Space porn: These images are (quite literally) out of this world
“I don’t know how you make anybody watch. You just have to close your eyes,” Pennsylvania Gov. Tom Corbett notoriously said of a now-shelved forced-ultrasound law in his state. Now one enterprising pro-choicer online has offered another option: Drowning it out with music.
Although it’s the transvaginal ultrasound laws that get all the attention, the true cutting edge of abortion restrictions is currently in place only in Texas, which not only mandates ultrasounds before abortion but also compels the woman to listen to a description of the sonogram and to a fetal heartbeat. (An attempt to get the law struck down on First Amendment grounds — both the woman’s and the doctor’s right not to be forced by the state to submit to ideological speech — has so far failed, and the law is currently being enforced.)
Although there is technically an exception for cases of medical emergency, the regulations are still little-understood, as seen in a widely read account in the Texas Observer by Carolyn Jones, who had a second-trimester termination of a wanted pregnancy because of a genetic defect after that law took effect. One paragraph of that story in particular struck Denise Paolucci, 35. The doctor is quoted as saying, “I’m so sorry that I have to do this, but if I don’t, I can lose my license,” and then there’s this passage: “Before he could even start to describe our baby, I began to sob until I could barely breathe. Somewhere, a nurse cranked up the volume on a radio, allowing the inane pronouncements of a DJ to dull the doctor’s voice. Still, despite the noise, I heard him.”
Paolucci had an idea. She’d just been offered an iPod at the dentist’s office to drown out the drill – why not have the same for women having abortions? She decided to solicit donations to buy iPods for all of the Planned Parenthoods in Texas that provide abortions so that women who don’t want to hear the state-sponsored script can have another option.
“Here is something that is utterly miserable for her to have had to go through, and now the state is putting all of these micro-aggressions piling on top of that,” Paolucci told Salon.
She contacted several Planned Parenthood branches to check that they would be up for her plan, and heard back from a few of them. Last night, she posted about the idea on her blog at Dreamwidth, the site she co-owns and helps run. “It took about nine hours, overnight, to reach the goal,” initially set at $1,060, she says. If there’s more interest, she’s looking for help in finding independent abortion providers in Texas who’d be up for it, and has encouraged her readers to donate directly to Planned Parenthood or to the National Network of Abortion Funds.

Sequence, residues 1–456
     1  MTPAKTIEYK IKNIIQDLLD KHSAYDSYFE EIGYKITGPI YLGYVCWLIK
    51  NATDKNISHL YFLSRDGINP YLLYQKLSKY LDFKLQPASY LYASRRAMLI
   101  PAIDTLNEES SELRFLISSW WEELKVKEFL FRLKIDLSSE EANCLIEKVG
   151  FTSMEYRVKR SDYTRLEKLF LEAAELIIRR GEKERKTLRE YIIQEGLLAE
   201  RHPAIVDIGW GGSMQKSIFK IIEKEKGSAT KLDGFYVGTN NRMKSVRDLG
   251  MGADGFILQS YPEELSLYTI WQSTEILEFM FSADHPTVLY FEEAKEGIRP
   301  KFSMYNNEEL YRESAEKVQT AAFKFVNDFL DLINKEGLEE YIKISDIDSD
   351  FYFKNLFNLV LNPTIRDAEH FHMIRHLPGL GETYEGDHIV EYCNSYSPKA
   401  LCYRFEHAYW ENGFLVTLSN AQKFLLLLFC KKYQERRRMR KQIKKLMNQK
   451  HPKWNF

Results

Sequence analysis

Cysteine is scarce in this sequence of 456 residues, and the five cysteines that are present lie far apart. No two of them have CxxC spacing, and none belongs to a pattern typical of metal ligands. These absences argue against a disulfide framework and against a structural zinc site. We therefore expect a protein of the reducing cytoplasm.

Paolucci sees the drive as a way to channel anger into something specific and attainable. “We can’t fix the big ones. I can’t go down to Texas and overturn this law, but I can donate and I have and I will,” she says. Of the current legislative climate, she adds, “Women always think that, OK, we’ve won this time, we can relax. I think this last year of the legislative agenda has proven pretty much beyond all doubt that no, we can’t relax.”
Irin Carmon is a staff writer for Salon. Follow her on Twitter at @irincarmon or email her at email@example.com.More Irin Carmon.
NASA astronaut Mike Hopkins
On December 28, 2013, Expedition 38 crew member Mike Hopkins participating in the second of two space walks to replace a degraded pump module on the International Space Station. (NASA astronaut Rick Mastracchio is reflected in his helmet!)
The Soyuz TMA-10M
The Soyuz TMA-10M headed towards the International Space Station with crew members from Expedition 37 onboard.
40 years ago the Apollo 8 mission flew up to the moon, orbited it ten times and then returned to Earth. This picture was taken from that flight and shows the Earth as it seemingly rises in similar fashion to a sunrise.
Sunrise from Expedition 36
NASA Flight Engineer Karen L. Nyberg of Expedition 36 took this photo of the sun rising -- a sight they saw nearly 16 times per day due to the speed of the International Space Station's orbit around the earth.
A pair of NanoRacks CubeSats -- nanosattelite spacecrafts carrying experiments -- were launched by Expedition 38.